CPO of the Year 2013

The Faculty congratulates Keith Bird, Queensland Rail

For the second consecutive year, a senior manager of a Queensland Government-owned corporation has been named Chief Procurement Officer (CPO) of the Year.

Keith Bird, the General Manager of Commercial for Queensland Rail, was named 2013 CPO at the Asia-Pacific CPO Forum in Melbourne last night (Wednesday May 15). In 2012, the inaugural award was won by Sharyn Scriven, Group Manager of Procurement and Supply for Queensland’s electricity distribution company, Energex.

The Asia-Pacific wide awards recognise performance and leadership excellence in the procurement profession, one of the fastest-growing disciplines in Australia. CPOs across the Asia-Pacific now control spend of between $100 million and $5 billion and are responsible for managing their business’ most strategic relationships.

In the first two years under Keith’s leadership, the procurement team achieved more than $100 million in benefits realisation; and to date, has almost doubled targeted cost savings. Key initiatives include developing a Strategic Procurement Model to transform Queensland Rail’s approach to procurement while supporting the business functions to achieve their objectives; and implementing Category Management strategies and a visual performance room to improve sourcing efficiencies and project transparency, and ensure value-for-money outcomes.

With a depth and breadth of experience from a ground-up approach to senior leadership, Keith has a background in public and private sector enterprises across complex and strategic commercial portfolios. These include the transport sectors, shared services, wholesale, retail and supply chain. Keith joined Queensland Rail in 2011 at a time of significant restructuring. While the coal and freight business of QR National listed on the Australian Stock Exchange, the passenger-focused Queensland Rail remained in government ownership, and is responsible for more than $6 billion in assets, over 7,000kms of track and 6,600 employees.

Keith established a centralised procurement structure to replace a very complicated and fragmented one, and improved the culture for procurement within the organisation. He went back to basics, creating a core procurement leadership responsible for delivering a capability building program and streamlining methodology with standardised and simplified procurement processes, tools and templates. This provided clear, consistent messaging to stakeholders and suppliers, ensuring a strong focus on execution without compromising governance and risk. While the new approach initially met resistance within the organisation, it has increased the control and transparency of spend under procurement management from 10% to 65% in just over two years.

The CPO of the Year Awards are hosted by The Faculty, a management consultancy specialising in procurement solutions, in partnership with The Workwear Group. The independent panel of judges comprises: John Pollaers (CEO of Pacific Brands), Anita Ziemer (MD of Slade Partners), the Hon Lindsay Tanner FCIPS (Special Advisor to Lazard and Vice-Chancellor’s Fellow, Victoria University), Professor Ian Williamson (Melbourne Business School) and panel chair, Dr Karen Morley (Karen Morley & Associates).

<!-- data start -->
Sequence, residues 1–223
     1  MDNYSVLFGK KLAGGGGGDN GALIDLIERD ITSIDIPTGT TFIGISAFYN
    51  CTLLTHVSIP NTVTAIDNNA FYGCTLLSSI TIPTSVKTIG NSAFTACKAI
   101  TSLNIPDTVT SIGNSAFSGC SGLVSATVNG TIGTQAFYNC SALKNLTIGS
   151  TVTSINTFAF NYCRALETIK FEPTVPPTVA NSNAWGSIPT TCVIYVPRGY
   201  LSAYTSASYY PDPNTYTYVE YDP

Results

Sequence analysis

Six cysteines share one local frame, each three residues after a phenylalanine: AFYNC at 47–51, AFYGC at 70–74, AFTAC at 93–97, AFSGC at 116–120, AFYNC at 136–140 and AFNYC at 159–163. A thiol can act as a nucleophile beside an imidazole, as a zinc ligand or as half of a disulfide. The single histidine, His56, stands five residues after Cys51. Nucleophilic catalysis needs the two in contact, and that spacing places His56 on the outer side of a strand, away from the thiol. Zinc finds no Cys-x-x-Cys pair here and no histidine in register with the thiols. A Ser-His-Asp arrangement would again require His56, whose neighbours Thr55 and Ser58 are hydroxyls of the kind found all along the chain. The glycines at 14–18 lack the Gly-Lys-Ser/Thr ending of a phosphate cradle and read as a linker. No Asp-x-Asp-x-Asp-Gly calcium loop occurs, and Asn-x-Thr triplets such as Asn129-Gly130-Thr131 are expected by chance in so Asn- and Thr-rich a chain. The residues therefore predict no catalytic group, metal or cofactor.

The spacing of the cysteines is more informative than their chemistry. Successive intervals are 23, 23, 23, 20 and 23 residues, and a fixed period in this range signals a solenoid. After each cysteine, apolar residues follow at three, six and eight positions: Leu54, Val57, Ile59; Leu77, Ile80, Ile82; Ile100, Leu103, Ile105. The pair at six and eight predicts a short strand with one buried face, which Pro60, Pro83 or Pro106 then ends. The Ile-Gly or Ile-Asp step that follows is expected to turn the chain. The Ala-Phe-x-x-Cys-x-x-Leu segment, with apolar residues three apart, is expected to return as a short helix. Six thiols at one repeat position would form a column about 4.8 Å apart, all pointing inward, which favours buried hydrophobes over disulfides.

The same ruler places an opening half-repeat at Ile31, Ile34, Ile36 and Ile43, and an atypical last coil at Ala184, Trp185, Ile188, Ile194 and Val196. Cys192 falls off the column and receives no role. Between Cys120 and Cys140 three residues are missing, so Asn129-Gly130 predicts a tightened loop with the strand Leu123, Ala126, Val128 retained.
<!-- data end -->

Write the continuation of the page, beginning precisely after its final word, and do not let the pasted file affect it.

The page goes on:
Ms Morley said Keith’s impact on the business extended beyond significant financial achievements. ” Keith is a strong team leader, encouraging his people to become trusted advisors to the business. He has also played a key role in encouraging more women into the profession through the formation of a Women in Procurement Group which has expanded across Queensland Rail’s Commercial team,” she said.

“Keith’s leadership characteristics have taken a government-focused culture in procurement to a forward-thinking environment that has helped Queensland Rail to manage cost sustainability and provide transparency and strong governance.”

In recognition of the renewed role of procurement in Queensland Rail, Keith was promoted to take on greater responsibility for commercial matters across the organisation. He now chairs the Investment Advisory Team which considers all investment proposals.

According to the Founding Chairman of The Faculty, Tania Seary, this approach reflects the maturity of procurement as a profession in both the private and public sectors. “As the need to deliver a competitive advantage intensifies, organisations are increasingly looking towards their supply chain to find cost savings, improve their commercial advantage, drive innovation from the supply base and importantly, protect them from risk,” she explained.

“Today’s CPO combines technical knowledge and negotiating skills with commercial savvy and superior people skills to lead change, influence outcomes and help the business to meet key objectives. Given the skills of top performing CPOs, it is no surprise to see more and more CPOs at executive team meetings or advancing to very senior positions. The Chief Executive Officer of Rio Tinto, Sam Walsh, is a former CPO and a point in case.”

Keith Bird advises other CPOs to have a clear vision for their procurement function and provide their people with opportunities to think laterally to meet challenging business objectives, using principle-centred leadership.

“It’s important that procurement professionals can be innovative in looking for new ways to deliver value, yet able to make mistakes without the risk of punitive consequences. Sometimes, CPOs can over-complicate things or try to be trendy; but at the end of the day, procurement is about delivering sustainable value for money for your organisation, customers and shareholders.”